Don't Side With the Players Just Because You Hate Bob Nutting

Gene J. Puskar/Associated Press

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I am not going to write an article about why you should like Bob Nutting.  I would never.  For a long time I did defend how the Pirates operate based on the financial structure of Major League Baseball, but even that seems fruitless anymore.  

However, don’t side with the players in the current CBA negotiations because you are blinded by your hatred for the Pittsburgh Pirates owner. 

As Pirate fans, what the players are fighting against is not in your best interest.  The best interest of a Pirate fan is for the league our Buccos compete in to be structured in the same way as the leagues that our beloved, and much more successful, Penguins and Steelers get to participate in.  That structure includes a salary cap and a salary floor.  In fact, they don’t just include them, they are reliant upon them.

A salary cap allows for teams that generate less revenue to pursue the best talent of the sport on an even playing field with teams that generate more revenue.  This eliminates advantages simply because a team plays home games and are televised in a more populated area.  The salary floor then forces those teams that generate less revenue to allocate more of it to team payroll.  A real win-win honestly.

This is where I think most of the confusion around Major League Baseball is generated.  Most fans seemingly believe that having a rich owner allows for teams to pay more to players.  With the idea also being that all owners are billionaires so why can’t they just afford $100 million+ payrolls. However, understand that no owners are investing their own money into their teams after they purchase them.  They are simply allowing more of the teams' generated annual revenue to go toward payroll.

So while, yes, Bob Nutting is at fault in this regard for not allowing the teams’ revenue to be allocated more to player payroll, the Steinbrenners are not investing their own personal savings into the New York Yankees.  They are simply allowing more of the Yankees’ generated revenue to be spent on payroll. 

Unfortunately, the money generated by the Yankees, Los Angeles Dodgers, and other larger market teams is exponentially larger than the money generated by the Pirates.  In fact, the Dodgers local television contract is estimated to generate ~$240 million, while the Pirates is estimated to generate ~$40 million annually.  That is why there needs to be a mechanism in place that levels the playing field.  That mechanism being a salary cap and floor.

Since we do, in fact, live in a football town, I will put the lack of a salary cap in Steeler terms.  The Pittsburgh Steelers will be searching for their next franchise quarterback for this upcoming season.  One route they may take is signing a free agent.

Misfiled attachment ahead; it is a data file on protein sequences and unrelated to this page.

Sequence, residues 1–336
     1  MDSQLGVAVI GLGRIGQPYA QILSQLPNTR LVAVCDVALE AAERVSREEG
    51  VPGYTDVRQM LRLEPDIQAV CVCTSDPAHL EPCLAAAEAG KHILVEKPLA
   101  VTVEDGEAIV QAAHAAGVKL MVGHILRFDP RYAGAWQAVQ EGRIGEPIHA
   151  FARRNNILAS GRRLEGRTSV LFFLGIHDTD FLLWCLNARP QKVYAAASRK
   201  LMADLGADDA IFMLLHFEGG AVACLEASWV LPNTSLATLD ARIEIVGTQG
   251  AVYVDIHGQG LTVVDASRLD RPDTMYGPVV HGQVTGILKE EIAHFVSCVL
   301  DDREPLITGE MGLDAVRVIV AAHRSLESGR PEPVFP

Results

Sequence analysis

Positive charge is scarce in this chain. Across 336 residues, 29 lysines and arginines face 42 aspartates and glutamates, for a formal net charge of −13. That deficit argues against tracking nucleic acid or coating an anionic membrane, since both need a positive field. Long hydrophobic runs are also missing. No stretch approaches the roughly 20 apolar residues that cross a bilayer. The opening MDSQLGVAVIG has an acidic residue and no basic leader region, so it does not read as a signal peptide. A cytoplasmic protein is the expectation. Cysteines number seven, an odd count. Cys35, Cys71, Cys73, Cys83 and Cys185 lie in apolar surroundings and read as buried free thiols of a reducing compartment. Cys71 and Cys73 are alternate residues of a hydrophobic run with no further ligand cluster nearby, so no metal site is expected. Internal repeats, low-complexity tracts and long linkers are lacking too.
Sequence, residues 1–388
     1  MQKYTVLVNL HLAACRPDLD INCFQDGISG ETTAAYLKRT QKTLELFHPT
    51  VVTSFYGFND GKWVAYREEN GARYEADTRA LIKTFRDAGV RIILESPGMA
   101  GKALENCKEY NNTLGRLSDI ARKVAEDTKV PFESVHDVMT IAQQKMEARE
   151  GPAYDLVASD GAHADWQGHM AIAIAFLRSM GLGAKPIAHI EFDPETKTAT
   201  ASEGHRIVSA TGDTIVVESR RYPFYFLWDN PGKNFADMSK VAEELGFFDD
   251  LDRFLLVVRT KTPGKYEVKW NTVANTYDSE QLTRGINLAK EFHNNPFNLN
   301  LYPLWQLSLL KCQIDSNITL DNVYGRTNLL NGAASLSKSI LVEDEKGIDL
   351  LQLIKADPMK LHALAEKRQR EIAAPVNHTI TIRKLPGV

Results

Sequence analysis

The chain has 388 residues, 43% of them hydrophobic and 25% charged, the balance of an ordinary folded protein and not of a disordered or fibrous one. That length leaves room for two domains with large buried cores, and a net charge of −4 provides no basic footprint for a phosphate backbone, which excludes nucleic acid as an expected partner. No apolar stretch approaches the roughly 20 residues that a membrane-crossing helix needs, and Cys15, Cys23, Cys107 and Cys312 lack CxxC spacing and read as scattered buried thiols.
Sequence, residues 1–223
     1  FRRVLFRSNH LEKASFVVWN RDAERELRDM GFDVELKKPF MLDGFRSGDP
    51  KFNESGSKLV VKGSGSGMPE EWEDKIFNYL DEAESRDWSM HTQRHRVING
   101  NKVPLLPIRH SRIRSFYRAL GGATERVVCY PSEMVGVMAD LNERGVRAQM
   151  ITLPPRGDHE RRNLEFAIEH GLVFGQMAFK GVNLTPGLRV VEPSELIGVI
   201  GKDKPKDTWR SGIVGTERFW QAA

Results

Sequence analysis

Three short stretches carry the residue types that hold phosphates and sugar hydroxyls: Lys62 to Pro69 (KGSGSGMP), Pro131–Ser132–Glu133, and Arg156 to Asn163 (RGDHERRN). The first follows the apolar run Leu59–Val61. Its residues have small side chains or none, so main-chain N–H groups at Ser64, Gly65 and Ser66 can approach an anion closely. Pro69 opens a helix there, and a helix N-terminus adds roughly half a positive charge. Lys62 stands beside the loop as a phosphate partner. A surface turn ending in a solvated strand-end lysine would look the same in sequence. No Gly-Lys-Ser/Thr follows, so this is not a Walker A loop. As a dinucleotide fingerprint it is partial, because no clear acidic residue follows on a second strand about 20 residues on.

Without the mechanism of a salary cap in the NFL, the Steelers would stand no chance at signing the best, or even the fifth best, free agent quarterback on the market.  Instead, the New York Giants, Chicago Bears, New York Jets, Dallas Cowboys, or either Los Angeles team would snatch them yet.  I know some of those teams don’t need a quarterback, but it’s just an analogy. 

The Rooneys, as beloved as they are in this town, don’t even like to spend the league average on coaches, so they certainly wouldn’t be in the upper echelon of player payrolls if the salary cap was not in place to keep guys like Jerry Jones in check. 

So then maybe the Steelers would draft their next franchise quarterback, right?  Good luck keeping him passed his rookie contract.  If this rookie succeeds in his first few years, and the Miami Dolphins or the San Francisco 49ers want to sign him to a massive unrestricted free agent contract, bye bye franchise QB.  Pittsburgh doesn’t generate the television revenue to keep a guy like that passed a rookie contract.

Wait, the television revenue is equal in the NFL?  Must be nice.  Not so much in baseball.  But the television revenue isn’t equal in the NHL, so why can the Penguins compete?  

The salary cap.  Period.  

The mechanism in place so that the Toronto Maple Leafs and New York Rangers cannot use their gigantic metropolis area to dominate teams like the Penguins or the Columbus Blue Jackets, among other smaller market teams.

Without the salary cap/floor system, there is no mechanism in place to level the playing field of the diverse locations that professional sports team compete in, or keep the average salary of players at a fair level.  The players are the ones fighting against such mechanism in Major League Baseball.  Therefore, just because you hate Bob Nutting, don’t automatically side with the players.  It is not in your best interest.